Friday, April 23, 2010

Nail that First Impression

This is how I envision an agent or publisher as he or she faces the morning slush pile. I didn't always think of them in that light. I preferred thinking they bee-bopped in with coffee in hand, eager to rip open envelopes and find beautiful gems to publish. However, after having judged several contests ranging from short stories to essays to novels and memoirs, I understand how one gets tainted . . . calloused . . . skeptical.

When you face a stack of 50 manuscripts per month or 100 queries per day, how do you cull the herd?

When faced with a mountain of manuscripts or even synopses, how do they plow through all those stories? Moreso, how do they note the good ones when they are cross-eyed and irritable from so many bad to mediocre works?

Remember all those little snippets of advice you've heard at conferences, read in Writer's Digest Magazine and studied on agent websites? They weren't lying. Read those lessons again.

1. The opening paragraph has to bite, grab, entice and win over the reader. I don't care if it's a synopsis, query letter, chapter or short story. It - has - to - make - a - great - first - impression.

2. Watch the passive voice. When a piece of writing has made the effort to avoid passive voice and exercised more of those beautiful other choices for verbs, the reading is so much sweeter.

3. Most prologues are simply backstory or the lazy way to insert information without having to think hard about weaving it into the plot itself. Prologues rarely work.

4. Make the dialogue real.

5. No backstory, even if it's sci-fi and you've created an entire universe. Info-dumping turns off a reader faster than a light switch.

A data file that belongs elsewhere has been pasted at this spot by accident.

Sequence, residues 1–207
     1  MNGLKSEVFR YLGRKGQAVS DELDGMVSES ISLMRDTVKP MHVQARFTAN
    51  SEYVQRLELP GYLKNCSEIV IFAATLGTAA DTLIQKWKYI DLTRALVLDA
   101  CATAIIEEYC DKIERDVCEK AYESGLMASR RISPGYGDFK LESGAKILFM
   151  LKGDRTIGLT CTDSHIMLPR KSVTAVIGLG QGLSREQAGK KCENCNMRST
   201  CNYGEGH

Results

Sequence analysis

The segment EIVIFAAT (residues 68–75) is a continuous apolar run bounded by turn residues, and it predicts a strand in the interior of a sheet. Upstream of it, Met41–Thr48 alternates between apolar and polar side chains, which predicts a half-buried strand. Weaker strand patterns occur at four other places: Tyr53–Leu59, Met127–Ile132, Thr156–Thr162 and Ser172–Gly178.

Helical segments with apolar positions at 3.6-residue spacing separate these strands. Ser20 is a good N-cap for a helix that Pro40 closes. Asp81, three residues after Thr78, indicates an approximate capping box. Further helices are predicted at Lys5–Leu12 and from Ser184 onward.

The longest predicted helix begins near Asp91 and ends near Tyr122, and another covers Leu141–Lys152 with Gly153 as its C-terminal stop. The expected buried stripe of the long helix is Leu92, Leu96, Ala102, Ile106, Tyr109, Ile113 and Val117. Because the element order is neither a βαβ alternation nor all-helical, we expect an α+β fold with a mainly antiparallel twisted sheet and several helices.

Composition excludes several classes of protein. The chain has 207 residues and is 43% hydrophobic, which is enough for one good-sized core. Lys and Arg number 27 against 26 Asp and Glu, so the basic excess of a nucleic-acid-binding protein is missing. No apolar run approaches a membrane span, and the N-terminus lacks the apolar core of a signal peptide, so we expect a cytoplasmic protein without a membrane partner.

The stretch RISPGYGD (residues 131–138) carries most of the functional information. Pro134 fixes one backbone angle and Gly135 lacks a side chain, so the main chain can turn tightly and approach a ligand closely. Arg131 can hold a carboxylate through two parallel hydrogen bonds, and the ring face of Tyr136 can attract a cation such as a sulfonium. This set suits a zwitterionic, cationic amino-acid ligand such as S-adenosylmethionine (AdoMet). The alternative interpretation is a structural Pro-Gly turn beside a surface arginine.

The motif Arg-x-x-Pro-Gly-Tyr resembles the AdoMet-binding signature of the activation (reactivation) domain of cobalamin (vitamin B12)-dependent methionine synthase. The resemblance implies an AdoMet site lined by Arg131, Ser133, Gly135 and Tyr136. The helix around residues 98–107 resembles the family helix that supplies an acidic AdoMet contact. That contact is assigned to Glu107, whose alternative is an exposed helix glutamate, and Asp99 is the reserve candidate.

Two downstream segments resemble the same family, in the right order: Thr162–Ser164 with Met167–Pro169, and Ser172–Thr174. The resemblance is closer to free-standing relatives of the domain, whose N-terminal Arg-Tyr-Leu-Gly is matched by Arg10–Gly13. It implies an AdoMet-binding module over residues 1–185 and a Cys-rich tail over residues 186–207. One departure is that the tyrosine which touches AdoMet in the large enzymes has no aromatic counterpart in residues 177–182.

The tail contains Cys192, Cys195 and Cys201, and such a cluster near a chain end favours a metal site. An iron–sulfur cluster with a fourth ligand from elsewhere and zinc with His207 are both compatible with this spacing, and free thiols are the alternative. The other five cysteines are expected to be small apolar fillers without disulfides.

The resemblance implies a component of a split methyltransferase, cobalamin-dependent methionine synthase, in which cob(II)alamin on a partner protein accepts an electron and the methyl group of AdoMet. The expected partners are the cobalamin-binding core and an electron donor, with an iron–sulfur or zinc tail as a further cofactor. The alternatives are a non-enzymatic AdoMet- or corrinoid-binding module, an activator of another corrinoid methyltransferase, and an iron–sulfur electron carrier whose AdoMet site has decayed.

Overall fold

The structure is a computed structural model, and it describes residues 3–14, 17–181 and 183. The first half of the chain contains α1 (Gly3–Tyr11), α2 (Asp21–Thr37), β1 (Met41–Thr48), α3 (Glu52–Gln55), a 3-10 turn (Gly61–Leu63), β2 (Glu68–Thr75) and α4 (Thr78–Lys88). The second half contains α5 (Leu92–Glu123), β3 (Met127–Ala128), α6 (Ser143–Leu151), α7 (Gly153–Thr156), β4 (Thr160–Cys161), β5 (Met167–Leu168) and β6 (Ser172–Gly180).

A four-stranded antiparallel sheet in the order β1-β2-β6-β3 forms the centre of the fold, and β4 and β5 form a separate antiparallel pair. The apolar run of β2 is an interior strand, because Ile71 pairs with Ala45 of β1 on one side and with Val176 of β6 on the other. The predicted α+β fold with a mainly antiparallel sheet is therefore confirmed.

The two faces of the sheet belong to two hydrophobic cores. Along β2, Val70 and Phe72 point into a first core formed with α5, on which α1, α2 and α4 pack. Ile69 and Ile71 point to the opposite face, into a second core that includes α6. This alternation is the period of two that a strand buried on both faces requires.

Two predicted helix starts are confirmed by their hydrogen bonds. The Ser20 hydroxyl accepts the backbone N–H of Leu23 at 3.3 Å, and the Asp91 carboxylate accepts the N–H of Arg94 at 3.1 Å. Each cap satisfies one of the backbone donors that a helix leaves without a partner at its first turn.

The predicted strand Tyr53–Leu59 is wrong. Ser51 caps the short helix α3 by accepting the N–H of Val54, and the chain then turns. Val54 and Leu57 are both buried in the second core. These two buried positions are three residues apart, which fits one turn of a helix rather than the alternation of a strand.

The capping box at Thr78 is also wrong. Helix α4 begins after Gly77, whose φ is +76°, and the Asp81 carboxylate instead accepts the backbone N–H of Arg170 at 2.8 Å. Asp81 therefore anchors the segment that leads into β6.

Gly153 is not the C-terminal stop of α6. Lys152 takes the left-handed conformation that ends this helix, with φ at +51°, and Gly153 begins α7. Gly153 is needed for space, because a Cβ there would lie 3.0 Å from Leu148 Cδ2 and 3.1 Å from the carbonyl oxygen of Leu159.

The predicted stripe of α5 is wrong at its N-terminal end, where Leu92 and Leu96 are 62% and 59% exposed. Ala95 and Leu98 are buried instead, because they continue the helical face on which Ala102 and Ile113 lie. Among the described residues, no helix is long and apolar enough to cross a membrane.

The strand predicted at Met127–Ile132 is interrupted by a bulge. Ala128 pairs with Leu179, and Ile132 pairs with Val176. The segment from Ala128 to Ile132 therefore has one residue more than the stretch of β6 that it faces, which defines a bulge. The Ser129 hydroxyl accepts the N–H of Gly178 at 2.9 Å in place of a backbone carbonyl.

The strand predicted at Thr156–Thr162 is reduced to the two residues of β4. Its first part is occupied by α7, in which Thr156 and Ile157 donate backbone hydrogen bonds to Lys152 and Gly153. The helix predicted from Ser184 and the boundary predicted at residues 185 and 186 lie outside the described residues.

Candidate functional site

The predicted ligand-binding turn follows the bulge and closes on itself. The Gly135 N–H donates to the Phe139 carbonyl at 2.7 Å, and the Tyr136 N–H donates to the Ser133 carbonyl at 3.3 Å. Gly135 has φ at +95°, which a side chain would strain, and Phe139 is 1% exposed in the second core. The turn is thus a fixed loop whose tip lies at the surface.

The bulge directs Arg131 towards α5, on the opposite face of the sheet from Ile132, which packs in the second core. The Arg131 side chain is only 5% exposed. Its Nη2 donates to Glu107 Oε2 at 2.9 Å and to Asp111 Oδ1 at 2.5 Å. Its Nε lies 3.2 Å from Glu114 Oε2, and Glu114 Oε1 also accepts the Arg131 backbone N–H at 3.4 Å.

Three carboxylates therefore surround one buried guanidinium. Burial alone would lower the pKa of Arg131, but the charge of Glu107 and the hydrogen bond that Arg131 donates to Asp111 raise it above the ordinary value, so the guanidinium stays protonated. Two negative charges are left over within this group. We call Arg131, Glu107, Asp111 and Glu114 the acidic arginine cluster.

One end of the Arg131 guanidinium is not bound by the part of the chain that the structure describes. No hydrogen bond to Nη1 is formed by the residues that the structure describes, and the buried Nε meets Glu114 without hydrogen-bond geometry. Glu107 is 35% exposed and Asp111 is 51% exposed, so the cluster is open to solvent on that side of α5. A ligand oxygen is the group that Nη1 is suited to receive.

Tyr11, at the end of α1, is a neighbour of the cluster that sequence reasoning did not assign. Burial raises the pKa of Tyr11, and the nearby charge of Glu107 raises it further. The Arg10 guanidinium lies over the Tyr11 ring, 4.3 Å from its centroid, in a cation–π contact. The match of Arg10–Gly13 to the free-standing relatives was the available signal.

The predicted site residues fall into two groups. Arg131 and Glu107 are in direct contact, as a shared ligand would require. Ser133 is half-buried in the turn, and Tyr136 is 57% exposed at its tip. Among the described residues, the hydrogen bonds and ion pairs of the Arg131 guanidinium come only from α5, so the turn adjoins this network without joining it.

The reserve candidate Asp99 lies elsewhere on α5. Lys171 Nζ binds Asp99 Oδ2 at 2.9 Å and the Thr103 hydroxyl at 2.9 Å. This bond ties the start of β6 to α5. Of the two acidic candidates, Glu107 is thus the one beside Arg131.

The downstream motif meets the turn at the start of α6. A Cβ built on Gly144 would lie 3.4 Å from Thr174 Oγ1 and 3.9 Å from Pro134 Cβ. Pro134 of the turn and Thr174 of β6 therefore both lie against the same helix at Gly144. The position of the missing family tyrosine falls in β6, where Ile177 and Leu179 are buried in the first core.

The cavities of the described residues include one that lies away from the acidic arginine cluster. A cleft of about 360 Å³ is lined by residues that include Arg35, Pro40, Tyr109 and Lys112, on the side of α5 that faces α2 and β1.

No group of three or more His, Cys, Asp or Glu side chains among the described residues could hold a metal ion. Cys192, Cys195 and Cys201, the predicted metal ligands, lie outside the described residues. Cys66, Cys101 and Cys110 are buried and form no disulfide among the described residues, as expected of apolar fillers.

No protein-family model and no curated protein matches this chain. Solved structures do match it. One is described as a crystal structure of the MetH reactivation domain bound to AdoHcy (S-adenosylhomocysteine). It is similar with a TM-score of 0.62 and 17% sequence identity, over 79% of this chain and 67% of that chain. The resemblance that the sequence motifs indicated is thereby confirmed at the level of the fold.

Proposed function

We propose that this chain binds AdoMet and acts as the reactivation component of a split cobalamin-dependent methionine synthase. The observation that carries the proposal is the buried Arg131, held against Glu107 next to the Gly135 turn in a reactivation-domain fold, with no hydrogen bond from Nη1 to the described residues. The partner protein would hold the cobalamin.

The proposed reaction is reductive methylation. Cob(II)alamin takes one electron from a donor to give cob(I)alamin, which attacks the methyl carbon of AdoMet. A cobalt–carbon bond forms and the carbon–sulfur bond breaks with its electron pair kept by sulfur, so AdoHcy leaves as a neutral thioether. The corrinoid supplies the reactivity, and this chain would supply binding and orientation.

6. Develop your voice. So many submissions sound benign. The phrasing is not original, lacking a unique style. If you aren't sure you have discovered your voice, then you probably haven't. Don't submit until you  know what it is.

I could go on and on. But you know those rules. Too many writers think they don't apply to them. Truth is . . . you have to know the rules well in order to break them and pull it off. There are no short cuts. Study your profession.

Last year I had to judge 40 novels for a competition. I limited myself to two per day to give them justice. That's when I developed a new sympathetic heart for agents, editors and publishers. Remember . . . when someone reads your work for the first time, you embed a lasting impression of your work and your abilities. If that work is premature, you lessen your chances of acceptance then and in the future. I remember names of writers now . . . names I never want to read again.

Don't judge me harshly. I want to see you  published. I just don't want to see you published before you're ready.


Susan said...

Thanks for the reminders, Hope. Very helpful. Sincerely, Susan

Carol J. Alexander said...

Thanks, Hope. I want to know--how do you make something that sounds like a lecture sound so encouraging at the same time?

Hope Clark said...

LOL - I've had people tell me I tend to lecture. Fact is, I do care about these things, so while I lecture, I hope to make a difference and help someone. Hopefully that comes through in my words. I'm considered a tough nut in some circles, a wuss in others. I do the best I can in the manner God gave me to do it with. Thanks - that was a cool post, Carol.

Suzy Turner said...

Really useful stuff, Hope... thank you for sharing it with us wannabe authors!